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POLITICS (National): U.S. Senate, dysfunction, "intensely personal war between the leadership offices": "Leadership war stymies Senate mission" ....

* Washington Post:  "Leadership war stymies Senate mission" - From the WP:

The Senate went three months this spring without voting on a single legislative amendment, the nitty-gritty kind of work usually at the heart of congressional lawmaking. So few bills have been approved this year, and so little else has gotten done, that many senators say they are spending most of their time on insignificant and unrewarding work.

The big issues have been sidelined by political and procedural battles and an intensely personal war between the leadership offices. Senators say that they increasingly feel like pawns caught between Majority Leader Harry M. Reid (D-Nev.) and Minority Leader Mitch McConnell (R-Ky.), whose deep personal and political antagonisms have almost immobilized the Senate. The two men so distrust each other, and each is so determined to deny the other even the smallest political success, that their approach to running the Senate has been reduced to a campaign of mutually assured dysfunction.


The problems are so severe that a rump caucus of Democrats and Republicans has been meeting secretly, trying to break the logjam, to no avail.

The situation is so alarming that former Senate leaders, including Thomas Daschle (D-S.D.) and Trent Lott (R-Miss.), are mounting a public intervention to try to steer the chamber back toward effectiveness and maybe even some of its grand traditions. “The Senate has degenerated into a polarized mess,” the former majority leaders recently wrote in a report that criticized both sides.

If the situation seems suddenly more urgent, it is just an escalation of an old problem..........................


LOCAL GOVERNMENT (Bay Area): Santa Clara County, parcel tax, November ballot: "Silicon Valley open space tax heading toward November ballot" ....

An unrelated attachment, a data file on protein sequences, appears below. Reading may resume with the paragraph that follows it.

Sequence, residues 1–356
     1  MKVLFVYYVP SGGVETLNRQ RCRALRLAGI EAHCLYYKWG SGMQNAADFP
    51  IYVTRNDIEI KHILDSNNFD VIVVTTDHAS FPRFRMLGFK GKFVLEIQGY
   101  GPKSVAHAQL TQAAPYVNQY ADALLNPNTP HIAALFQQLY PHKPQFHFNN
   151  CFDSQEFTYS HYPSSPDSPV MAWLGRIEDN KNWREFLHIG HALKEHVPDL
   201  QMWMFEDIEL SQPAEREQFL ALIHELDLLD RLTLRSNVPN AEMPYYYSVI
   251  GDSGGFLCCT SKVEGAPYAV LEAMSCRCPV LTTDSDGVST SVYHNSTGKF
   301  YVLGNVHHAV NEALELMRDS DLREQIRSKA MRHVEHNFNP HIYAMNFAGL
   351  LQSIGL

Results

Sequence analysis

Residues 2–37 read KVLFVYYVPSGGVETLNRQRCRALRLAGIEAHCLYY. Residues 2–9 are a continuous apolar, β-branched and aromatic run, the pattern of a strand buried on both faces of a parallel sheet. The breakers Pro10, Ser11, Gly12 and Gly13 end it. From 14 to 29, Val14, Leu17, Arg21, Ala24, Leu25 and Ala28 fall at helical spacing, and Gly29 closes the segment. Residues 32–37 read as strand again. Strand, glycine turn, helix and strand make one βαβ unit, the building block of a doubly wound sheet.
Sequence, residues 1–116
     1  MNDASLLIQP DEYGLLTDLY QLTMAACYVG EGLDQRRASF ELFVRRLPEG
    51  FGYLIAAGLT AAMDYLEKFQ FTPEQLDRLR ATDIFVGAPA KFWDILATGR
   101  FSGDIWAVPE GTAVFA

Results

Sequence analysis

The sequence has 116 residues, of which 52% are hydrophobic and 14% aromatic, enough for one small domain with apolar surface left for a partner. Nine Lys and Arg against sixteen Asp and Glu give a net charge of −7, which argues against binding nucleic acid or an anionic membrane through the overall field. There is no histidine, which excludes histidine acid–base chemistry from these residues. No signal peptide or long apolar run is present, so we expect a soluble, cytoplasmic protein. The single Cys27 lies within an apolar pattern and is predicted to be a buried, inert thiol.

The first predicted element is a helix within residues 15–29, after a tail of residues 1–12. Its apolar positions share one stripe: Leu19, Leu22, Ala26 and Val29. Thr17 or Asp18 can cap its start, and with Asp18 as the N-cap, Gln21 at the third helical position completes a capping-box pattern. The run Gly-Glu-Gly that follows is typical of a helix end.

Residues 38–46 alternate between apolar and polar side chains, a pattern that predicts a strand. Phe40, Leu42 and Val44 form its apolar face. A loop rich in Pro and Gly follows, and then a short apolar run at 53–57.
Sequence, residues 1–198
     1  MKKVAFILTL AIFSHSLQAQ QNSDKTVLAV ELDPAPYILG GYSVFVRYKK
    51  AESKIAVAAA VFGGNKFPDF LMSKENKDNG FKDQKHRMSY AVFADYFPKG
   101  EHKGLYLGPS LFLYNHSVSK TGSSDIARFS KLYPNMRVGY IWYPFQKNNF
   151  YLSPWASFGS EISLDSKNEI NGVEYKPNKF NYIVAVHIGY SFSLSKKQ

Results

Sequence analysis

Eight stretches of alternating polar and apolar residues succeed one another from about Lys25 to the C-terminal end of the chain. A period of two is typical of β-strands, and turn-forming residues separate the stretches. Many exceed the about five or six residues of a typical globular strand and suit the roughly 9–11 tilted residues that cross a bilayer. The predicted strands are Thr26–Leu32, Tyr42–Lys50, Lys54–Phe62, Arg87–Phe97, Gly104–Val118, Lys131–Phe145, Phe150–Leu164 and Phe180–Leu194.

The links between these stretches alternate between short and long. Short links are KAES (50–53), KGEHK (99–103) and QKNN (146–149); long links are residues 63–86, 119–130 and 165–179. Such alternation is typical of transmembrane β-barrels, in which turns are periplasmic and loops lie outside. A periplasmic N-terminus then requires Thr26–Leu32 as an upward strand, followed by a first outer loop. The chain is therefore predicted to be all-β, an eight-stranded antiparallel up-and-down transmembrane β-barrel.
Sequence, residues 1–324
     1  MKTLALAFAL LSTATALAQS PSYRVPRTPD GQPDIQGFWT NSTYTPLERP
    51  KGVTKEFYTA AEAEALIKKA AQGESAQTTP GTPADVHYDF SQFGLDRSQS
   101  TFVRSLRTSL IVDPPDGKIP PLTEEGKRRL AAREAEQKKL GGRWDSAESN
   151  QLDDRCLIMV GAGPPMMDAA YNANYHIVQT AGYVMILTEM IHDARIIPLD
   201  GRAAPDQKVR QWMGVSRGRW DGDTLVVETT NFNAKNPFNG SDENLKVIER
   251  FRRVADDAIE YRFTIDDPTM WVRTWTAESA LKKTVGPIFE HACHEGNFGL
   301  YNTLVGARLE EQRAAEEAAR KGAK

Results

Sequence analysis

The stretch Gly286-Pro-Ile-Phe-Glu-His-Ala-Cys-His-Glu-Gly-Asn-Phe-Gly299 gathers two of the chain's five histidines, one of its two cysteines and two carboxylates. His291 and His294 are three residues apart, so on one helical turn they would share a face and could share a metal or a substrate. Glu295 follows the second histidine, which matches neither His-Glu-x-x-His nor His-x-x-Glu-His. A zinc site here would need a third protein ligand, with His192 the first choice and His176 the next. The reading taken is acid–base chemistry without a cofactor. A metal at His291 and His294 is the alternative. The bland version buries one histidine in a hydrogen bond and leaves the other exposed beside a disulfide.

* San Jose Mercury News:  "Silicon Valley open space tax heading toward November ballot" - From the MN:

SAN JOSE -- Hoping to preserve scenic parklands, wildlife habitat and farmland around Silicon Valley, the board of the Santa Clara County Open Space Authority is scheduled to vote Thursday on placing a $24 per-parcel tax on the November ballot. The tax, which would require a two-thirds majority for approval, would raise $120 million over the next 15 years to expand the agency's network of open space preserves, currently located around Henry W. Coe State Park, Calero Reservoir and the hills east of San Jose.


If the board places the measure on the ballot, as expected, voters who live inside the district's boundaries -- which include San Jose, Santa Clara, Campbell, Milpitas and most of unincorporated Santa Clara County -- will have the final say.

With voter approval, the agency, established by state law in 1994, will double the size of the land it has preserved in Santa Clara County. . . .It also will be able to triple the size of trails for hiking, horse riding and mountain biking from 19 miles now to about 60 miles.